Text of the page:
Grace Kelly (L) greets Brian Russell and Cheryl Ladd in 1981. Photo provided by publicist.

Grace Kelly (L) greets Brian Russell and Cheryl Ladd in 1981. Photo provided by publicist.

Despite the recent media attention surrounding “Grace of Monaco,” the film that opened this year’s Cannes Film Festival in May, Nicole Kidman wasn’t the first blonde beauty to depict popular 1950’s movie star Grace Kelly.

Three decades earlier, former Charlie’s Angels’ star Cheryl Ladd appeared in “The Grace Kelly Story,” a 1983 TV movie that dealt with an early slice of the actress-turned-princess’s life.

“As an actress I wasn’t so much interested in Grace’s life as a princess, but her incredible rise to become one of Hollywood’s great beauties and an Academy Award winner,” said Ladd from her home in Los Angeles.

Kelly’s cinema fame rests largely on just 11 films she appeared in between 1951-1956, but many quickly became classics such as “High Noon,” “Rear Window,” “The Country Girl,” and “High Society.”

Side by side, Cheryl Ladd (L) and Grace Kelly. Photo provided by publicist.

Side by side, Cheryl Ladd (L) and Grace Kelly. Photo provided by publicist.

Casting Ladd as Kelly was a true “light bulb” moment for Ladd’s husband, writer/producer Brian Russell.

“Cheryl and I were in Monaco for a film festival in early 1981 and met Grace and her husband, Prince Rainer, at the palace,” recalled Russell.

“When I saw Cheryl and Grace standing next to each other in the reception line, ‘ping!’ it hit me,” he said. “While there was a slight physical resemblance, I was mostly struck by the dignity and serenity they both possessed. Cheryl thought I was crazy when I suggested she could play Grace, but by the time we were on the plane to leave, she was convinced.”

Back in the U.S., Russell took the idea to Brandon Stoddard, then head of ABC.

“I walked into his office and outlined the project, and before I could sit down he said ‘sold!’” recalled Russell. “It was the shortest pitch meeting in my life.”

But when news of the planned movie reached the Monaco palace, the opposition was strong.

“They didn’t want us delving into her private life,” said Russell, who returned to Monaco in the summer of 1982 to meet with the princess.  “We sat in the palace garden for about 90 minutes discussing the project. I told her it was not our intention to dredge up any dirt, but to tell her fairytale story.”

As Kelly read the script, Russell recalls her response.

“She started acting out the part in front of me and I could see she was warming up to the idea. She would read a section and say ‘oh that’s not exactly what happened.’ She kept a copy of the script and made some suggestions, with the palace eventually giving the movie their blessing.”

Then, just a few weeks before filming was set to begin, Kelly suffered a stroke on September 13, 1982, while driving on a mountain road, plunging her car down the side and dying the following day.

“I was devastated,” said Ladd. “I’d been preparing for the role for months and had saturated myself with books about her, interviewing people who knew her, and watching her films. Although I only met her once, I felt I had lost someone really close and didn’t want to continue with the movie.”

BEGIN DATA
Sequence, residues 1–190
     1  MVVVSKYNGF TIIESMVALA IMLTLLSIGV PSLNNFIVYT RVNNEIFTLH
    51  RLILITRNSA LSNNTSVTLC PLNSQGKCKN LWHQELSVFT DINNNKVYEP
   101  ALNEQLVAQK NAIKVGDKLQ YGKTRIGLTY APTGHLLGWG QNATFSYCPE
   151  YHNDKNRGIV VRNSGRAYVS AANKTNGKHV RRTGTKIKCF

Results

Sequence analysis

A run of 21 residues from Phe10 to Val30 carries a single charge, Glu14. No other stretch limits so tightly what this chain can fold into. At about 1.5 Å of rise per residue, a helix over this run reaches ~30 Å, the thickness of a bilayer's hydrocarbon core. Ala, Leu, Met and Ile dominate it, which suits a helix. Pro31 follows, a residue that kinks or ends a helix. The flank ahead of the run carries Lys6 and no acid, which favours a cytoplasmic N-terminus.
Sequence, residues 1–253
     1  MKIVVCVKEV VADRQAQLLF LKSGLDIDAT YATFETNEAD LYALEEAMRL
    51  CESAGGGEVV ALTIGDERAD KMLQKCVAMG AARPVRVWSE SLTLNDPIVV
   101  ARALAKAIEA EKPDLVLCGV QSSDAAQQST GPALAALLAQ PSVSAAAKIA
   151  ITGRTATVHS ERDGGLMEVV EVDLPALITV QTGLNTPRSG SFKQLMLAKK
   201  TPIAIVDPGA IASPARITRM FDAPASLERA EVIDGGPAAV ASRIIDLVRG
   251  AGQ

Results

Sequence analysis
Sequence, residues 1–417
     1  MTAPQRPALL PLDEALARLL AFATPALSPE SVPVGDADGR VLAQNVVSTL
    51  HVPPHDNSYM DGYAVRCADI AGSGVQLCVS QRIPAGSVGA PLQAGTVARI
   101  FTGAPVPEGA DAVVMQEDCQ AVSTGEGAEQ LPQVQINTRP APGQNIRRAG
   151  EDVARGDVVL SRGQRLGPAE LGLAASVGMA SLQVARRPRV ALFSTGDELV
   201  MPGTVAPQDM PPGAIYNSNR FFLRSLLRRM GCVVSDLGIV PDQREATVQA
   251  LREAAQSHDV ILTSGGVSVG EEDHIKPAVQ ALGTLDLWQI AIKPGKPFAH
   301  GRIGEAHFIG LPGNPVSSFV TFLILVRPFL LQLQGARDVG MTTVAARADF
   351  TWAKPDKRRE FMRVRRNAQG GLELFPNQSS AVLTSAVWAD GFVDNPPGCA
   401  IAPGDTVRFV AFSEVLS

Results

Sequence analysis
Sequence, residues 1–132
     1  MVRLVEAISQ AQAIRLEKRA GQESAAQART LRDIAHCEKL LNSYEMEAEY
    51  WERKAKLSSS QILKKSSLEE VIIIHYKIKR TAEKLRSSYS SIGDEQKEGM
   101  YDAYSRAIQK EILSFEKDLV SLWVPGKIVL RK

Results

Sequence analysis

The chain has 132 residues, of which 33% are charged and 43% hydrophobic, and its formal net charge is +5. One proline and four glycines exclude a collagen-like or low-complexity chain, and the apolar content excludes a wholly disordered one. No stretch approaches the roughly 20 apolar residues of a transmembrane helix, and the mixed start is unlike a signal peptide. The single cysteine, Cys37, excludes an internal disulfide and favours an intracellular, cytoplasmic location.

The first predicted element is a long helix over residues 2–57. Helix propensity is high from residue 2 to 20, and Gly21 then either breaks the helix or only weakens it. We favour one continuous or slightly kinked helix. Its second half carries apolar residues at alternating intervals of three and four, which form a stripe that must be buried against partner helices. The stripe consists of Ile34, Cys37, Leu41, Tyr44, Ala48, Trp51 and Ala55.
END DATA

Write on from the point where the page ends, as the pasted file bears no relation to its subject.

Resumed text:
Brian Russell and Cheryl Ladd today. Photo provided by publicist.

Brian Russell and Cheryl Ladd today. Photo provided by publicist.

To their surprise, several months later Ladd and Russell, who was executive producing the film, received encouraging news from Monaco.

“They wanted us to proceed because they knew we would treat the story with dignity,” Ladd recalled. “So I eventually saw my way through it as a celebration of her life.”

While the film glossed over some aspects of Kelly’s Hollywood life, “few people realized how she struggled to overcome her father’s objection to her career choice as an actress,” Ladd said. “And after that struggle, what incredible strength she must have had to give it all up for marriage. That’s the story we wanted to tell.”

Ladd also recognized a similarity between her early career and Kelly’s, helping to recreate the character realistically on screen.

“Going to acting classes, making commercials to get by, and taking small parts to gain experience while struggling for that big role, are all things I could identify with,” noted Ladd.

When broadcast in February, 1983, critics responded well to “The Grace Kelly Story.”  But the best tribute came from Monaco.

“The word we got back was that in his bereavement, the prince would watch it over and over and thoroughly enjoyed it,” said Ladd. “We couldn’t ask for higher praise.”

Today, Ladd and Russell remain busy acting, writing, and producing. Russell recently published his first novel, “Scribe” (see, while Ladd’s independent film “The Perfect Wave,” is due to be released in the U.S. on July 11 (see

While Kidman’s “Grace of Monaco” has yet to be released in the U.S., Ladd’s “The Grace Kelly Story” was re-released as simply “Grace Kelly” on DVD in 2012. Since May, it has been available through Amazon by HD digital download on all player streaming platforms.

 Nick Thomas teaches at Auburn University at Montgomery, Ala., and has written features, columns, and interviews for over 400 magazines and newspapers.